Graduation Year


Document Type




Degree Name

Doctor of Philosophy (Ph.D.)

Degree Granting Department

Computer Science and Engineering

Major Professor

Sudeep Sarkar, Ph.D.

Co-Major Professor

Anuj Srivastava, Ph.D.

Committee Member

Dmitry Goldgof, Ph.D.

Committee Member

Rangachar Kasturi, Ph.D.

Committee Member

Rajiv Dubey, Ph.D.

Committee Member

Andrew Raij, Ph.D.


Pattern Theory, Video Analysis, Activity Recognition, Graphical Models, Compositional Approach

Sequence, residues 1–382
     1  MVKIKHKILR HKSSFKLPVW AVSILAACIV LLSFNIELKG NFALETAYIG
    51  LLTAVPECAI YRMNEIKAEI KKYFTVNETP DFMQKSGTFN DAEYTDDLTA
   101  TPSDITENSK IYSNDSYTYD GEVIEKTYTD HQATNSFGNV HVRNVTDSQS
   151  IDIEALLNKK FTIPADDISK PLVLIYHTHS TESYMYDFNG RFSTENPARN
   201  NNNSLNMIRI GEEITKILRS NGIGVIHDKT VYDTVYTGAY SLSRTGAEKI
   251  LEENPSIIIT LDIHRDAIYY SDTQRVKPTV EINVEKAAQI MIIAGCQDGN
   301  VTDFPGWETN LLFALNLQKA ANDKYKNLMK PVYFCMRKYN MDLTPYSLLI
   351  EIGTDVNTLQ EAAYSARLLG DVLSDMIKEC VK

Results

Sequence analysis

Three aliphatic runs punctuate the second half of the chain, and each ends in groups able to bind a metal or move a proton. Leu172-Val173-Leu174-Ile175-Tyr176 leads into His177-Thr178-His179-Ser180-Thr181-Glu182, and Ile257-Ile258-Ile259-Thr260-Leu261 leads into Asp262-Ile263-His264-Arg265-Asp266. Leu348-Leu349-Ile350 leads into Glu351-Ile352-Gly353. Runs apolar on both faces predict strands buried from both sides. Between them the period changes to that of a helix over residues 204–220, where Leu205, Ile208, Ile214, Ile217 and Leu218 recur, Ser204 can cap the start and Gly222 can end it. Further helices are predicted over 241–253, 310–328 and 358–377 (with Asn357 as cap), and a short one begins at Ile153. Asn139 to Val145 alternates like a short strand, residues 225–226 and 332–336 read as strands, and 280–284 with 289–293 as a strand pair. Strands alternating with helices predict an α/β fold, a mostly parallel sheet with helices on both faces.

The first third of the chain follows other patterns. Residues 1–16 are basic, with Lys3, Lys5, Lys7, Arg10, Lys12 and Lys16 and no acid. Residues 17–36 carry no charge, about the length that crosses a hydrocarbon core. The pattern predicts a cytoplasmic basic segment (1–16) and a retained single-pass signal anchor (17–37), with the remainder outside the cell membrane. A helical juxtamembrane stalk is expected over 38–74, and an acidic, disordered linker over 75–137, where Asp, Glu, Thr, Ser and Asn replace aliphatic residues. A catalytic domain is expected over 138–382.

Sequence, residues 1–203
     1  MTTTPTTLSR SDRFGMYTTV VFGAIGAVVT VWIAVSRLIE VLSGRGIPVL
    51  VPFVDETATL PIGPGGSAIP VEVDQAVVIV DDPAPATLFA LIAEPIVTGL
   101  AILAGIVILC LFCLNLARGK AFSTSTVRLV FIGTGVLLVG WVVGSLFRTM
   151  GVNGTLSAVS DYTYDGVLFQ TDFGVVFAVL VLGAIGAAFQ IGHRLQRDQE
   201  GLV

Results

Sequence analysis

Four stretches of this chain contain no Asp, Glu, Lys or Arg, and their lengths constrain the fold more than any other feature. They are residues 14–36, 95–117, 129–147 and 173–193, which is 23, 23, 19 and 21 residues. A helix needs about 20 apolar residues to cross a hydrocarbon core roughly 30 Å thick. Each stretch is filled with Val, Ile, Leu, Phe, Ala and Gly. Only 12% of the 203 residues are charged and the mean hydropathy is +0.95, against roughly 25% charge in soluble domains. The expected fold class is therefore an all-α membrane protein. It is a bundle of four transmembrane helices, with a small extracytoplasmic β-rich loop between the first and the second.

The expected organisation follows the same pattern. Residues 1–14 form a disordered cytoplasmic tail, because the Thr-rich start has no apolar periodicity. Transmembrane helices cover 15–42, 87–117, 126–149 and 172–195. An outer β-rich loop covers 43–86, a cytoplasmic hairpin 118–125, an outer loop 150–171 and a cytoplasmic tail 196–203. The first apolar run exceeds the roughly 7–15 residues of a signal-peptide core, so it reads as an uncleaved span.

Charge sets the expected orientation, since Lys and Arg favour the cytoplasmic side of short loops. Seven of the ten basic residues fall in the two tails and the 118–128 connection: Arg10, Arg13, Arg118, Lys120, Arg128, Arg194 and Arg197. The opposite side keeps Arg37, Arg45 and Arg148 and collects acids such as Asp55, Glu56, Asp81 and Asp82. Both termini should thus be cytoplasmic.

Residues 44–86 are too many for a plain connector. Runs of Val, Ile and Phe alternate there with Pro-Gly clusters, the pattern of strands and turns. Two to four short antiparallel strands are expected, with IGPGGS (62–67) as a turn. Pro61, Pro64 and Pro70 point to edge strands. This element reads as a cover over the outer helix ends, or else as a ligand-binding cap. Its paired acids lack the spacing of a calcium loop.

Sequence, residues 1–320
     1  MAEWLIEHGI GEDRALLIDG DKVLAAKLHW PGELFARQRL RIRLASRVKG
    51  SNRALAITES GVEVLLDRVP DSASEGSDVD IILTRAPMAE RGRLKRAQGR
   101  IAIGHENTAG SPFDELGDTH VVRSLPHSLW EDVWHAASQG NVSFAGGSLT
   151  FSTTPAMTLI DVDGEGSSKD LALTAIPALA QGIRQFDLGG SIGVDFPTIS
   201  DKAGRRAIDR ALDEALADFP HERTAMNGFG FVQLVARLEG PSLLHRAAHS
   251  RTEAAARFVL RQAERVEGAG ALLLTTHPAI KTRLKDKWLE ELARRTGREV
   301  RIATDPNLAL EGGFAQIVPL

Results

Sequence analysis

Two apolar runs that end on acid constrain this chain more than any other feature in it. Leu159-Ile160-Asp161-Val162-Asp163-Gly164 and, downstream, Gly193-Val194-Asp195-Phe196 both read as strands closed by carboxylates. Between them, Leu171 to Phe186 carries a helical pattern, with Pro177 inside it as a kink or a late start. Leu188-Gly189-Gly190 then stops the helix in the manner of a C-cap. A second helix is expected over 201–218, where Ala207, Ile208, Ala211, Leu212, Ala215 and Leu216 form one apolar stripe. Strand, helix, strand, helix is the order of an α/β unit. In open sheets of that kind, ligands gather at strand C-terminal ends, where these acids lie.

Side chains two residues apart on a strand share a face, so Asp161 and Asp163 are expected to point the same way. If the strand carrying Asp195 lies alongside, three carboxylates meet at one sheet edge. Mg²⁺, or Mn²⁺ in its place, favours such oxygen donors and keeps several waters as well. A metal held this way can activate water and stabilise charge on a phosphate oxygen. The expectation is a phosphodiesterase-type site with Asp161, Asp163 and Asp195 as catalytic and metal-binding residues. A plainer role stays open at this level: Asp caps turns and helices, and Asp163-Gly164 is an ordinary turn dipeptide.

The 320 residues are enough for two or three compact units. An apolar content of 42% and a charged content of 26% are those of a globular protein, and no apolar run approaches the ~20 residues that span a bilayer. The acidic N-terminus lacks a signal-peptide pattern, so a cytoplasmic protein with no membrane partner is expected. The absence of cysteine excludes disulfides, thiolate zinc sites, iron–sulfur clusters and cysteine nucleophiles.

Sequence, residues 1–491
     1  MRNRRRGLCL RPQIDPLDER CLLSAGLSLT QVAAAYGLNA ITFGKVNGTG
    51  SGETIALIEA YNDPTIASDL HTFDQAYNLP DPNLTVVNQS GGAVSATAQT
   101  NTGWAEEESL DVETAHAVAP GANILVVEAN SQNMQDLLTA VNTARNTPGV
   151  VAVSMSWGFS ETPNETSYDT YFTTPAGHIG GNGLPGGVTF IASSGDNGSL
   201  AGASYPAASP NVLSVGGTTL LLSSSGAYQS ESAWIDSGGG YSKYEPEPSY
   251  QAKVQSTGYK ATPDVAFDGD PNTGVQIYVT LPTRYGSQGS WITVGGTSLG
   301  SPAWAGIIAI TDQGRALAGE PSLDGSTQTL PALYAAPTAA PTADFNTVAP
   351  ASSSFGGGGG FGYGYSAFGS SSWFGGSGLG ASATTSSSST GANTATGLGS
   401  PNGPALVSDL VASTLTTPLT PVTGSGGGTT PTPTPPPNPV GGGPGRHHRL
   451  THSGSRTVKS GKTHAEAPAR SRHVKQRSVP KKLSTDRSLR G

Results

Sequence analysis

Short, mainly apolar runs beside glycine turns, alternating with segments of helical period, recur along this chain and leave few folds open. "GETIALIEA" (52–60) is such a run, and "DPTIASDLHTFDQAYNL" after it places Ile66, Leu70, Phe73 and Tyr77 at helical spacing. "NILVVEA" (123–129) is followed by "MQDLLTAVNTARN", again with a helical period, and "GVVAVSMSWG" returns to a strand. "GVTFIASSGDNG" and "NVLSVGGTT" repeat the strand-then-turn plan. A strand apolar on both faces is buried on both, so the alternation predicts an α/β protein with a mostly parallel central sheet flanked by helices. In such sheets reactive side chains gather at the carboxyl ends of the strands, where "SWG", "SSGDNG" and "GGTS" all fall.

Description of human activities in videos results not only in detection of actions and objects but also in identification of their active semantic relationships in the scene. Towards this broader goal, we present a combinatorial approach that assumes availability of algorithms for detecting and labeling objects and actions, albeit with some errors. Given these uncertain labels and detected objects, we link them into interpretative structures using domain knowledge encoded with concepts of Grenander’s general pattern theory. Here a semantic video description is built using basic units, termed generators, that represent labels of objects or actions. These generators have multiple out-bonds, each associated with either a type of domain semantics, spatial constraints, temporal constraints or image/video evidence. Generators combine between each other, according to a set of pre-defined combination rules that capture domain semantics, to form larger structures known as configurations, which here will be used to represent video descriptions. Such connected structures of generators are called configurations. This framework offers a powerful representational scheme for its flexibility in spanning a space of interpretative structures (configurations) of varying sizes and structural complexity. We impose a probability distribution on the configuration space, with inferences generated using a Markov Chain Monte Carlo-based simulated annealing algorithm. The primary advantage of the approach is that it handles known computer vision challenges – appearance variability, errors in object label annotation, object clutter, simultaneous events, temporal dependency encoding, etc. – without the need for a exponentially- large (labeled) training data set.